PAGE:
Last week, the state House voted to advance a state budget bill (pgs. 361-3) which strips local governments of their ability to require riparian buffers and stormwater management controls which are stronger than federal or state minimums.
These handcuffs on local flexibility make no sense at a time when state and local governments are struggling to protect residents from intensifying storms and flooding. Both government and private property owners will pay a rising price for storm damage and costly new infrastructure to counter the impacts.
There was one apparent, though perhaps temporary, silver lining to these legislative storm clouds, however. The final version of the House budget removed another change which would have been even more damaging to water quality and management efforts. That was the provision which would have blocked state agencies from any protection of most so-called “isolated wetlands” (which are critical to both clean water and wildlife habitat).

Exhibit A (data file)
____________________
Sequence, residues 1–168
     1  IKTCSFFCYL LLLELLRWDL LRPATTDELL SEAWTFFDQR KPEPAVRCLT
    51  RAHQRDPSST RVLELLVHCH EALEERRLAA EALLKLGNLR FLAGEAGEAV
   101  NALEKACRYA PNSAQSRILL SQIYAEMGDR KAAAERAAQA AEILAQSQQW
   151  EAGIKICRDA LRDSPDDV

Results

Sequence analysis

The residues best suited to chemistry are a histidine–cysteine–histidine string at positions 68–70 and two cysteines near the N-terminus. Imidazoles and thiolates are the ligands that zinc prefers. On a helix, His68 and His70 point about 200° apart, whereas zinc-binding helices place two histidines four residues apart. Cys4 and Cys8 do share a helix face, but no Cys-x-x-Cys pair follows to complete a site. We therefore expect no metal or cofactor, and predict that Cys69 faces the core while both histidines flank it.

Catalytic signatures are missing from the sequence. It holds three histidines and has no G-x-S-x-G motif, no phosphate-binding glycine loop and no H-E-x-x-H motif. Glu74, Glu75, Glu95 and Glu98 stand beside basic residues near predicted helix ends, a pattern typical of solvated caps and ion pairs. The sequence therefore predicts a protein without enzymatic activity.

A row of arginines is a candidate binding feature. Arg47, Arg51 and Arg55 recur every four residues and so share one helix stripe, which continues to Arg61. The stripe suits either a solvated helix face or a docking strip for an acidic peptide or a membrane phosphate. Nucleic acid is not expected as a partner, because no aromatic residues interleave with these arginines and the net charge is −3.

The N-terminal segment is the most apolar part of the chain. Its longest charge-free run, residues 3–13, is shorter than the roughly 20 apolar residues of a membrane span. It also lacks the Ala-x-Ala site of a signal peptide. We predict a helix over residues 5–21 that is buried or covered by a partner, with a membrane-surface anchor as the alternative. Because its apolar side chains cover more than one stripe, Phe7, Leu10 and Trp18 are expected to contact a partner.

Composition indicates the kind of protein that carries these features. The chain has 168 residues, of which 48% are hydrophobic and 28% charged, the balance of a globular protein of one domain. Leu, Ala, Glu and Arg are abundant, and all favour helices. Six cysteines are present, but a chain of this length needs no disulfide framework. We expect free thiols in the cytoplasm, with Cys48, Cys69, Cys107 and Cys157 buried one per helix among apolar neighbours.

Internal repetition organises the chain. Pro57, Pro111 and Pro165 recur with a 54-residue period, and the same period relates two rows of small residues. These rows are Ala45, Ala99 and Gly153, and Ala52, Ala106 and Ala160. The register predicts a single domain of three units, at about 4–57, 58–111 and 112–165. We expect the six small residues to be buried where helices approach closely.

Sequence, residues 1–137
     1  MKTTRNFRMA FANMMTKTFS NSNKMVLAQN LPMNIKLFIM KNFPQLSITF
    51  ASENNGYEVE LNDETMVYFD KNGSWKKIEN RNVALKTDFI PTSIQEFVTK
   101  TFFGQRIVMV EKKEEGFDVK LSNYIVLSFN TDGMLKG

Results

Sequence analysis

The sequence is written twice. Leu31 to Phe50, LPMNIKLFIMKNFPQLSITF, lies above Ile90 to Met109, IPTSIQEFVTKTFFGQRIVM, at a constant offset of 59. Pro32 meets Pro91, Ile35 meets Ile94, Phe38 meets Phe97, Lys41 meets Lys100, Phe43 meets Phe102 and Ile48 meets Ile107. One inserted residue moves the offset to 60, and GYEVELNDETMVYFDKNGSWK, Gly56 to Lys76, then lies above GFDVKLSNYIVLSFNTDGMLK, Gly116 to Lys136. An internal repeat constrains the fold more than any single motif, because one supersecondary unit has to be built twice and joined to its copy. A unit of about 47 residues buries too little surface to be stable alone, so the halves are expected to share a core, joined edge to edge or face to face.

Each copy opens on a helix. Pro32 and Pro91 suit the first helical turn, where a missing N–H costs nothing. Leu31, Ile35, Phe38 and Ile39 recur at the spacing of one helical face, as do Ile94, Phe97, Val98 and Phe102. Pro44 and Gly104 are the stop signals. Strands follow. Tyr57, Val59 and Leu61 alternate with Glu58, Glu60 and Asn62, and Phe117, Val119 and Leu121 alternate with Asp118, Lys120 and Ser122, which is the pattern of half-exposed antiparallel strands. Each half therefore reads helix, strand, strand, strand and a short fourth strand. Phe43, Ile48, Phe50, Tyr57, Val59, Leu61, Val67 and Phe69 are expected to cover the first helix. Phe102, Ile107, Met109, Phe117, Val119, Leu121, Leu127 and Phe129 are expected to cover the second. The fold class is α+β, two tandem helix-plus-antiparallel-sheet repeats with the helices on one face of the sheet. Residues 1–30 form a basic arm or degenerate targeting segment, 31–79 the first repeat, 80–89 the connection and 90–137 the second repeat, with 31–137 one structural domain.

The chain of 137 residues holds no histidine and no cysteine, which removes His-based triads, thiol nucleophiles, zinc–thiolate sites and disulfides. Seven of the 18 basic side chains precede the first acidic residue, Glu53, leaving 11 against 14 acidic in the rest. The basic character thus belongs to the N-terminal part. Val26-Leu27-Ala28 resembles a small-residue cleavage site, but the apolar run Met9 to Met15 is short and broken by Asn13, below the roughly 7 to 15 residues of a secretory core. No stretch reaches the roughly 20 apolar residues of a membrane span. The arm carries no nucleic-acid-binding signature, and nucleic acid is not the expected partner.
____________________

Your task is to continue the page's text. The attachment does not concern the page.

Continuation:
The final House vote was 72-41 to return the bill back to the state Senate. Assuming the Senate votes not to accept the bill with all of the House’s changes, a House-Senate conference committee will be charged with developing a compromise version that both chambers can support. Stay tuned to see what happens with these and other provisions in conference.
Democratic legislators are urging the House and Senate Republican leadership to involve Gov. Roy Cooper’s office in negotiations, in hopes of producing a bill that can not only pass both chambers but also become law with a gubernatorial signature. During the 2019-20 sessions, a comprehensive state budget was never adopted because legislative leaders refused to negotiate with the governor on budget terms.